Migrating red-winged blackbirds have arrived! The red-wings that had left last fall are beginning to return after spending the winter in the southeastern United States. A sure sign of the coming spring even though it is still February. They announce their presence by their arrival at bird feeders, their brilliant red epaulets on their wings flashing and contrasting to the black everywhere else, and their singing from treetops. Soon they will be singing from our wetlands as the males set up their territories. The females, which are streaked brown sparrow-like birds, will arrive in another few weeks.

We also have small numbers of red-winged blackbirds spending the winter here. They tend to travel in larger flocks, have not started to sing yet, and usually keep their red epaulets concealed by other black wing feathers. They will soon be leaving for their more northern breeding grounds.

The red-wings showed up on Feb. 12; Lanny McDowell was the first to find them when he saw two males at his feeder. The next day he had at least four red-wings along with a common grackle at his feeder, while Sheila and Tim Baird had a flock descend on their feeder the same day, along with a brown-headed cowbird.

And speaking of spring, Randy Rynd observed an American woodcock as it walked around near a melted puddle (yet another sign of spring) on Stoney Hill Road on Feb. 11.

But as might be expected in February, there are some wintertime bird sightings as well.

Tom Rivers observed a winter wren hanging around his woodpile recently. He reports that it loves to disappear into his woodpile — it is probably gleaning bugs from the bark. This species is probably more common than we realize, since it is very secretive and easy to overlook. And so different from its larger cousin, the Carolina wren.

On Feb. 12, Scott Stephens found the first or second year Iceland gull reported in last week’s column at Crystal Lake. This is not the same bird that had been hanging out at Ocean Park and the Steamship Authority docks in Oak Bluffs every winter from 1995 to 2008 (which has not been seen this winter).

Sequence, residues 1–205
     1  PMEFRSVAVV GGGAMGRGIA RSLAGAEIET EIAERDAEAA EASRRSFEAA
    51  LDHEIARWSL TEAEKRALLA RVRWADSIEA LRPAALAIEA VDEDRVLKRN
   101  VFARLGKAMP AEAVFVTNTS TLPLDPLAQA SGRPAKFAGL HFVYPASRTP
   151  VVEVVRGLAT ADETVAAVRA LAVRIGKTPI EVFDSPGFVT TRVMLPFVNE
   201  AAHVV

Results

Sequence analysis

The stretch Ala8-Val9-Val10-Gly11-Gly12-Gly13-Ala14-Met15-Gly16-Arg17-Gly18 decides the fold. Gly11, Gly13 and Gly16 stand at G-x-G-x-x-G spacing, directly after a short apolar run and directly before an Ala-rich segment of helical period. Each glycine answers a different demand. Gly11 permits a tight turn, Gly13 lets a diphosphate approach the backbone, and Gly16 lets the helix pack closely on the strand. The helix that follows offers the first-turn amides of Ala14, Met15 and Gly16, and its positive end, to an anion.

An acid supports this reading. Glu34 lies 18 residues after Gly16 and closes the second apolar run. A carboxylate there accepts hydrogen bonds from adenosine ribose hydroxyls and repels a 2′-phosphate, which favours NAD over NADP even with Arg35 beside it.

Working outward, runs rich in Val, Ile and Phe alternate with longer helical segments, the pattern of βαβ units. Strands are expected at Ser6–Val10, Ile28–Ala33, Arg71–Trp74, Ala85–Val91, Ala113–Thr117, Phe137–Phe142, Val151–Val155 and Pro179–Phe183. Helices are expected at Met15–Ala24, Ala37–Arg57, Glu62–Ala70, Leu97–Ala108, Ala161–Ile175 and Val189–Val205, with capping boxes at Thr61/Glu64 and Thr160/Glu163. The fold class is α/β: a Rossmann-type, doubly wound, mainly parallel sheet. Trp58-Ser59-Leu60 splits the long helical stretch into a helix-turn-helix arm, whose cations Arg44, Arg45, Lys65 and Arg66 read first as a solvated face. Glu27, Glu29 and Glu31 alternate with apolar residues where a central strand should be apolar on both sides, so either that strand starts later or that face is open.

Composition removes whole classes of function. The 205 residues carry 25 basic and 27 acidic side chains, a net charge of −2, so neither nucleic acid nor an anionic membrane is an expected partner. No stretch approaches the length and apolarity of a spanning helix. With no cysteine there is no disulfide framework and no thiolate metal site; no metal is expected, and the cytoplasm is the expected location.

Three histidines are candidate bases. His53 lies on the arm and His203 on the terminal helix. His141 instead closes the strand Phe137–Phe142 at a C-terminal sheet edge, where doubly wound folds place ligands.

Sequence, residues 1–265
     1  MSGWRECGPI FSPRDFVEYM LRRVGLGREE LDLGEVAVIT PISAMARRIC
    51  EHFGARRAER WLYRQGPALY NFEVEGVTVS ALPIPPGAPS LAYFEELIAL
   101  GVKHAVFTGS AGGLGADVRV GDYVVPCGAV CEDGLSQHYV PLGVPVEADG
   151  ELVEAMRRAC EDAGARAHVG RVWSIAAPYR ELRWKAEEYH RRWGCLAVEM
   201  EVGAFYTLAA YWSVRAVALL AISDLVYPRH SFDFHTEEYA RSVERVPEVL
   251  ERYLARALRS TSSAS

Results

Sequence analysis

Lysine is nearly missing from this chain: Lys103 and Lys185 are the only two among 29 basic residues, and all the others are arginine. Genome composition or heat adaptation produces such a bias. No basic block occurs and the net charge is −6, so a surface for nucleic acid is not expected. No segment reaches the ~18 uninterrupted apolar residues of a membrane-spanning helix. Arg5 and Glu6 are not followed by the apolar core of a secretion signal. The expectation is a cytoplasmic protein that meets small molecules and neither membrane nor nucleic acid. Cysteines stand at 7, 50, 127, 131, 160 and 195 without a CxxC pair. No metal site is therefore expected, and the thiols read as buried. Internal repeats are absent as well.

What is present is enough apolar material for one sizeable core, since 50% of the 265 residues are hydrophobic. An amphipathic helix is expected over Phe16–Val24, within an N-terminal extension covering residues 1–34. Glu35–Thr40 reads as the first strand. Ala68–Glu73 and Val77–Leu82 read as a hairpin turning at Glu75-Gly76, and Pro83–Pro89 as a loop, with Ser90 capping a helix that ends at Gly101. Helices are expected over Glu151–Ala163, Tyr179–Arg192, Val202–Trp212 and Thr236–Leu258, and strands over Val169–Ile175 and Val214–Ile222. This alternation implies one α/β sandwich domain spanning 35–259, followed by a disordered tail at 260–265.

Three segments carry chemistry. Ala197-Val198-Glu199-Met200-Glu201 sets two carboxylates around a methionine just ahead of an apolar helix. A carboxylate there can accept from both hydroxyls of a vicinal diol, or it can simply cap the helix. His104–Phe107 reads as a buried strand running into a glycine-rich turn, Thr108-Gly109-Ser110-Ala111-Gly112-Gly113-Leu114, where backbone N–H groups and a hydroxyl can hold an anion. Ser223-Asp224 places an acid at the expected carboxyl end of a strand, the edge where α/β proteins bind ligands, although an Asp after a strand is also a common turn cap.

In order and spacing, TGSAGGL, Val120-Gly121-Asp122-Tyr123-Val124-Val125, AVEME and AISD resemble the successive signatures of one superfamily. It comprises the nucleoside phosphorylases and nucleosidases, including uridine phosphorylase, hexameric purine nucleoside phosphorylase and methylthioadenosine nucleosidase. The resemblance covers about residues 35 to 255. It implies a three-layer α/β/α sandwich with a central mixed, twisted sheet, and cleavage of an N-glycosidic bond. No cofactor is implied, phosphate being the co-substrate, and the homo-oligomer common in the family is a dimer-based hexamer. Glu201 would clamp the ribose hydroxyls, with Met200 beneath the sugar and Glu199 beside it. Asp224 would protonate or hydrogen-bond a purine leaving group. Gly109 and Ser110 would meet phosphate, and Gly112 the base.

Ken Beebe reports a flock of purple sandpipers along the jetty on the Chilmark side of the channel into Menemsha Pond on Feb. 12. He also found a white-winged crossbill in the treetops along the road to the beach at Lake Tashmoo. A second report of several crossbills comes from an unidentified birder who found them near that locale, on Feb. 10, in the trees along the power lines running through West Chop Woods.

Scott Stephens and Penny Uhlendorf found a brown thrasher at the head of Lake Tashmoo on Feb. 14.

On Feb. 15, Happy and Steve Spongberg and John Flender were out at Long Point Wildlife Refuge and became the latest people to observe the snowy owl that has been there for quite a while. It was a real treat for them to get such close views and then to have it seem to follow them and watch them as they headed off the beach (do the birds go people-watching?). John Flender was able to get some great photos.

Anne Lemenager has observed turkey vultures cruising around East Chop for the past few weeks. Apparently they are feeding on dead ducks and other birds that are frozen in the ice.

I will conclude this column by discussing the results of this year’s Great Backyard Bird Count, which took place from Feb. 13 to Feb. 16. There are some amazing results online at birdsource.org/gbbc/. As I write this on Tuesday afternoon, almost 67,000 checklists have been submitted, with 586 species observed and 7,672,752 birds counted. While this is fewer than last year’s results, checklists are not due until March 1, so there still are many checklists to submit (including my three lists). The above Web site provides many ways for you to look at this data, from lists by town, by state, or nationally. Or the computer will draw distribution maps for any species while you wait; the maps can look at this year’s data or compare any two years of count results going back to 1998, the first year of the count.

So far, there have been 19 checklists submitted from the Vineyard (I could not find any reports from Chilmark or Aquinnah), totaling 3,044 individual birds. Highlights of these lists include wood ducks, American wigeon, bald eagles, American coots, razorbills, great-horned owls, tufted titmouse, red-breasted nuthatch, brown creeper, eastern bluebird, hermit thrush, brown thrashers, yellow-rumped warblers, fox sparrows, red-winged blackbirds (from Edgartown, Oak Bluffs and Vineyard Haven), common grackles, and pine siskins.

Please remember to call in your sightings to the bird line at 508-627-4922. We will not know about it if you do not tell us.


Robert Culbert a bird tour leader and ecological consultant living in Vineyard Haven.